Increase Self-Awareness

Respond better to conflict.

Increasing self-awareness is the starting point to improve your communication, conflict management, and collaboration skills.

2017 Robert Half survey of 400 Canadian workers  asked, “What skill do you think your manager needs to improve most?” “Communication / diplomacy” won, hands down.

Skills your manager needs to improve most

Employees (especially millennials) expect their managers, as workplace leaders, to be effectual communicators, mediators of workplace interpersonal issues, and facilitators of positive team dynamics.

Communication literally means to make “common”; to get on the same page with someone else. It’s fundamental to effective collaboration and conflict management.

intent-action-effectToo often, we aren’t communicating, even when we think we are. George Bernard Shaw famously quipped, “The single biggest problem in communication is the illusion that it has taken place.” Our intentions (which are private to us) don’t match our actions and/or the effect of our actions on others.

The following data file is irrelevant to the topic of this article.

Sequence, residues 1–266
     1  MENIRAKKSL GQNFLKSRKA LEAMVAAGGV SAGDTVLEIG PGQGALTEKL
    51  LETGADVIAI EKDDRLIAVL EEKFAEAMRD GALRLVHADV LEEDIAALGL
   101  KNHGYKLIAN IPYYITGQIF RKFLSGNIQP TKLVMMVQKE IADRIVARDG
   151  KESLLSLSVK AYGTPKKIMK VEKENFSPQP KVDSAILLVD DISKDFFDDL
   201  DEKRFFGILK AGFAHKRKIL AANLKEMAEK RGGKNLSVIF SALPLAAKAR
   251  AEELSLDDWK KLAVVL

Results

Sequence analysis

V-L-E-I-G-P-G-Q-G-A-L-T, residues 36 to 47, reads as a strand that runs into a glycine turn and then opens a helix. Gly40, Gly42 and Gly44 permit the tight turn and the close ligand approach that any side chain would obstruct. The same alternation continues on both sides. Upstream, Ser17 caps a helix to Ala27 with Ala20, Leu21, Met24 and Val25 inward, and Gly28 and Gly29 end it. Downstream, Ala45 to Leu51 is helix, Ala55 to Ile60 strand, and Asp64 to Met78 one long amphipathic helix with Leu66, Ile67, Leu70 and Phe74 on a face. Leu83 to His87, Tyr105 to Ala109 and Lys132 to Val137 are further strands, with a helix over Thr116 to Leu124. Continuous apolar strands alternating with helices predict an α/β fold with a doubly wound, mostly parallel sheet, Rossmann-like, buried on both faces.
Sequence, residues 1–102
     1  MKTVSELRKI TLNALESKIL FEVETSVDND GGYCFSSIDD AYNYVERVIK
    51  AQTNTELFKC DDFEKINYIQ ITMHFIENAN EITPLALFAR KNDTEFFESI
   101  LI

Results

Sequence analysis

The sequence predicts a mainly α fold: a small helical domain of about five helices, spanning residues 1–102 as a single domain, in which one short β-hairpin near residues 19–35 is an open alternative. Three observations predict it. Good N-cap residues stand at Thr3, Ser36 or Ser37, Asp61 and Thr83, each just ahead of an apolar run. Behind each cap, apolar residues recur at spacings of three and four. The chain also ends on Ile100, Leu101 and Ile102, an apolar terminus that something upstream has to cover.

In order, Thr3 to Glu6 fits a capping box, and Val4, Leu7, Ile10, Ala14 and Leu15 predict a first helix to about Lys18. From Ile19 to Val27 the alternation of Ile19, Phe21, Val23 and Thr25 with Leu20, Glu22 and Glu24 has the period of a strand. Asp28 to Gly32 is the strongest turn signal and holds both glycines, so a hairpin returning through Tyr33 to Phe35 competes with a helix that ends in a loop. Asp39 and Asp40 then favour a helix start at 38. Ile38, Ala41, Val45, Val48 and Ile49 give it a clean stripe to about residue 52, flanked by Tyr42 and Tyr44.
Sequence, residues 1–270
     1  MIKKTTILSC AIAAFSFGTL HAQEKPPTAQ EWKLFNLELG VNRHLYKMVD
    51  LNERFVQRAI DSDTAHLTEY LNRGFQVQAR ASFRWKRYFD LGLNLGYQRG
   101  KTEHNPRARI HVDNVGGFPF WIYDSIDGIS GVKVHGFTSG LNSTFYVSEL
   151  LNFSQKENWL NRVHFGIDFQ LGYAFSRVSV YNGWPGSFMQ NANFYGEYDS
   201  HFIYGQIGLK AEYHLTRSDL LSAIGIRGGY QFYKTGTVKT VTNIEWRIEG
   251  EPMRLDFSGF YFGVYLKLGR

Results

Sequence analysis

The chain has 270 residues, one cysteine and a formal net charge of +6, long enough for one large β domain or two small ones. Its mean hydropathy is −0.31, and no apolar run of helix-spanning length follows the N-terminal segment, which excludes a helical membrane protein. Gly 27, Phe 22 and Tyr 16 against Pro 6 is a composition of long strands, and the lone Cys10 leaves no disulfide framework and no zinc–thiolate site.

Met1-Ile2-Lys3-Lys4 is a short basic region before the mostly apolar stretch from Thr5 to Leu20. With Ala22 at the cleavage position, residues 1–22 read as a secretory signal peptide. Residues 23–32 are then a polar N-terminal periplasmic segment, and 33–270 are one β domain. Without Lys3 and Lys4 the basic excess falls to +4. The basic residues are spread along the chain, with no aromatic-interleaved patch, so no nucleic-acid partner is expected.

Increasing self-awareness, of our behaviours and hot buttons, offers a terrific ROI, no matter if communication, collaboration, or conflict management.

“Look in the mirror”, Collaboration Begins With You, Extreme Ownership… the message is consistent: self-awareness is key to better communication, leadership and much more.

To increase self-awareness, here are a few of the tools and processes I use, with my clients (and personally):

  • Conflict Dynamics Profile (CDP): This self-assessment instrument effectively benchmarks your conflict behaviours and hot buttons. The CDP also comes with useful guides and action-oriented templates.
  • StrengthsFinder: Another self-assessment instrument. This one highlights your strengths. It’s easier, and more effective, to build on strengths than it is to eliminate weaknesses. Note: my #1 strength (according to StrengthFinder) is “strategic” (“People who are especially talented in the Strategic theme create alternative ways to proceed. Faced with any given scenario, they can quickly spot the relevant patterns and issues.”)
  • Don’t go it alone: Work with a coach (I do). Find a mentor. I’ve had mentors and been mentor to dozens of mediators, over the years. Invaluable; either way. An agent, truth teller, personal supporter…  a trusted 3rd party who can provide you with honest, constructive feedback.
  • Journal: Integrate the thinking and the doing, the “sunlight of thought” and the “sea of activity”. That’s how we learn.

The bonus of better communication skills is that they are transferable, everywhere.